The IP67 variant includes a gasket and twist-lock ring which seals the two together.

The two can be intermated, at the cost of the locking mechanisms; they are only held by friction.

Dimensions[edit]

16 A 240 V 3P+E+N 9h socket and plug. The features at the bottom of both are alignment keys. The two other divots in the female socket are not required by the standard, but provide access to screws to disassemble the socket. When mated, the spring-loaded cover on the socket hooks over the lug visible on top of the plug to lock the two together.

The connectors come in four current ratings 16, 32, 63 or 125 A per pin. All consist of cylindrical connector pins arranged in a circle, with the earth pin 2 mm larger than the others. This is surrounded by a circular shroud on the male connector, which fits into a matching recess on the female connector.

The standard defines connectors with 3, 4 and 5 pins, but a non-standard variant with 7 pins (6 in a circle plus one in the centre) is commercially available;[6] this can be used for star-delta starting of three-phase motors.

IEC 60309 plug dimensions[7]:26–27,36–37
Connector rating 16 A 32 A 63 A 125 A
Pins 2+E 3+E 4+E 2+E, 3+E 4+E All All
L/N pin diameter 5 mm 6 mm 8 mm 10 mm
L/N pin length 36 mm 45 mm 66 mm 69.5 mm
Earth pin diameter 7 mm 8 mm 10 mm 12 mm
Earth pin length 37 mm 45 mm 66 mm 69.5 mm
Pin circle diameter 17.5 21.5 26.5 25.0 mm 30.3 36.5 mm 42.5 mm
Shroud inner diameter 43.5 49.5 56.1 57.3 mm 63.4 61.5 mm 72.5 mm
Shroud outer diameter 47.5 53.5 60.5 61.5 mm 67.5 69.5 mm 81.5 mm
Shroud length 37.0 mm 46.0 mm 67.0 mm 74.5 mm

The key protrudes an additional 3 or 4 mm beyond the shroud diameter.

Pilot contact[edit]

63 A plug with pilot contact

Connectors rated at 63 A and 125 A may optionally be equipped with a 6 mm pilot contact. This smaller pin in the centre of the connector is shorter than the others, designed to 'make' after all the other pins when connecting a plug and socket, and to 'break' first when disconnecting. It is used to switch off the load. This is useful as disconnecting under load will cause arcing which may cause damage to both the plug and socket, and risk injury to the user.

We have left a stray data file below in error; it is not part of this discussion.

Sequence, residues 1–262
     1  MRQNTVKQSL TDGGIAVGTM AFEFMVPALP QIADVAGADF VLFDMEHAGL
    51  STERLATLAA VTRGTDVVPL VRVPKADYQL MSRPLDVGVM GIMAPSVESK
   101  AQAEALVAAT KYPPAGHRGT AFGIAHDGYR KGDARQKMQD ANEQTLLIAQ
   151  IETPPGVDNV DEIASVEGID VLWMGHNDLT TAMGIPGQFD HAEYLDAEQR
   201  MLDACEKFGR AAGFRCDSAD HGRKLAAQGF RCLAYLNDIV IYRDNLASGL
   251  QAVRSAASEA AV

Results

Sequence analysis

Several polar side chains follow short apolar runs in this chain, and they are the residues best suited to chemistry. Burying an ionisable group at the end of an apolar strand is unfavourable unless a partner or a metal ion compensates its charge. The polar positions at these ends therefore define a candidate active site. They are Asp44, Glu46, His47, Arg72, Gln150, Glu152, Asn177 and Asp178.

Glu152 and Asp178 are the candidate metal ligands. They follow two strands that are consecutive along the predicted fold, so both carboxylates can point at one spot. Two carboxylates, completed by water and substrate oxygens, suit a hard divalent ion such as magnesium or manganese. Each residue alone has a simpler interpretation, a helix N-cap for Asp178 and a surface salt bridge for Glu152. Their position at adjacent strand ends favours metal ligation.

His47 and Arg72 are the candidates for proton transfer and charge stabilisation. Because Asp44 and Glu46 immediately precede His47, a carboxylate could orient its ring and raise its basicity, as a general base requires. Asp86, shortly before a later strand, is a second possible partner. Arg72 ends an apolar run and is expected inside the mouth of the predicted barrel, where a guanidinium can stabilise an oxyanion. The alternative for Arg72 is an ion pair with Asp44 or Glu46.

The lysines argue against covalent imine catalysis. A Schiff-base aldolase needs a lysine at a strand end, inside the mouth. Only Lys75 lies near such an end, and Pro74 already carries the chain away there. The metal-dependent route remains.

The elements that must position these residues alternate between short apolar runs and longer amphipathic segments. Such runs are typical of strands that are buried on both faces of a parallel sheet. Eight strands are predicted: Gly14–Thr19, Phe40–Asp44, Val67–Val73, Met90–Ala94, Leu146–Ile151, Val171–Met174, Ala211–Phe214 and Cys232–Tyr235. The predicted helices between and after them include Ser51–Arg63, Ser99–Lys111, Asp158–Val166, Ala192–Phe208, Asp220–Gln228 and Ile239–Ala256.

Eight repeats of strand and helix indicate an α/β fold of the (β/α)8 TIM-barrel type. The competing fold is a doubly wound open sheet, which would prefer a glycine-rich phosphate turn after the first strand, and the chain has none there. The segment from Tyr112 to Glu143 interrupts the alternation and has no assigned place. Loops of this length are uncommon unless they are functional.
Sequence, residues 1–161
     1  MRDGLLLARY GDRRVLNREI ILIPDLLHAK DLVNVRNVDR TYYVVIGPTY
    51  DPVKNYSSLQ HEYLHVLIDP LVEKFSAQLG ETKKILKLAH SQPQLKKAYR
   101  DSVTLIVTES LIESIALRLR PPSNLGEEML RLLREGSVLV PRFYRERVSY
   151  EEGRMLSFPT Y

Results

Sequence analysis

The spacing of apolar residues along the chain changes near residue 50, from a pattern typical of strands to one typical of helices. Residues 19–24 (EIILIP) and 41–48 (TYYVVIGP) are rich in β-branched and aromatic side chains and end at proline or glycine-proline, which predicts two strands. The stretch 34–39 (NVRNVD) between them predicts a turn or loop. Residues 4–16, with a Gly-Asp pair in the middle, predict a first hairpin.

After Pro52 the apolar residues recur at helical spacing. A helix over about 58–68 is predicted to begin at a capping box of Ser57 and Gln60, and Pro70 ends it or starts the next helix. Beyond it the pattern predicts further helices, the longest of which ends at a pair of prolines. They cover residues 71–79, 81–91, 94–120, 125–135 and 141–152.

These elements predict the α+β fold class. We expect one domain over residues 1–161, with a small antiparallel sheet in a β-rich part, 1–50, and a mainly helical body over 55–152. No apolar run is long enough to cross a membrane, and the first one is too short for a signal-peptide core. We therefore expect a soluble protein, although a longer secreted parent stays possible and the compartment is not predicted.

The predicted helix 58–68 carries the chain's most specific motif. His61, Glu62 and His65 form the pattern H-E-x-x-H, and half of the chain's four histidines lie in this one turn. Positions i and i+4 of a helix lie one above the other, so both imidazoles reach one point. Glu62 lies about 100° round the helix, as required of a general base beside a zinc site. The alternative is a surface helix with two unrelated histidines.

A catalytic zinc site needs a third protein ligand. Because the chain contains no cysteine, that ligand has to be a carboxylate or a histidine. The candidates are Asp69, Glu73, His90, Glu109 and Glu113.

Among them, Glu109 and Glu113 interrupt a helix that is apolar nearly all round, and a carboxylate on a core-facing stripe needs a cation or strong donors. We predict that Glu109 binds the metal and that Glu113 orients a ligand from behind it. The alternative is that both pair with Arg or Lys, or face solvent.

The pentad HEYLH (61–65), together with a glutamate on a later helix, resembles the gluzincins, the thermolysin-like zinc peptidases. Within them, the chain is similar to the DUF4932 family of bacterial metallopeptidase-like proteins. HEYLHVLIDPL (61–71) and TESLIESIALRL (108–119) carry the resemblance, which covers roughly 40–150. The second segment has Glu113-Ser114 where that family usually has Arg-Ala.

The pilot pin is located in the centre of main contact circle on 4- and 5-pin connectors. On 3-pin (2P+E) connectors, it is located on the contact circle opposite the ground pin. The other connectors are located 105° on either side of the earth pin, rather than 120° as in the smaller variants, to make room for the pilot pin.

Extra-low voltage variant[edit]

24V, 16A, 2P, 50/60 Hz socket: violet housing with no minor key.

The standard specifies an additional, different design for extra-low voltages up to 50 V AC and currents of 16 or 32 A.[7]:42–47 This resembles, but is larger than, the IEC 60906 DC connector. Three 6 mm pins 20.5 mm long are equally spaced around a 15.4 mm diameter circle. They are surrounded by a 23 mm long shroud with an inner diameter of 36 mm and an outer diameter of 42 mm.

Keying is done by one or two keys on the inside of the socket, which fit into grooves provided on the outside of the plug's shroud. The major keyway is 4 mm deep, and there is a corresponding flat protruding into the interior of the shroud to accommodate it. The width of the major keyway defines the current rating: 32 A plugs have a 5 mm wide groove, while 16 A plugs have an 8 mm groove, and will therefore fit into 32 A sockets but not vice-versa.

Instead of a distinguished earth pin, an optional minor key is an additional 5 mm wide groove cut through the shroud. The pin opposite the major key is also optional and may be omitted to make a 2-pin variant.

Colour code[edit]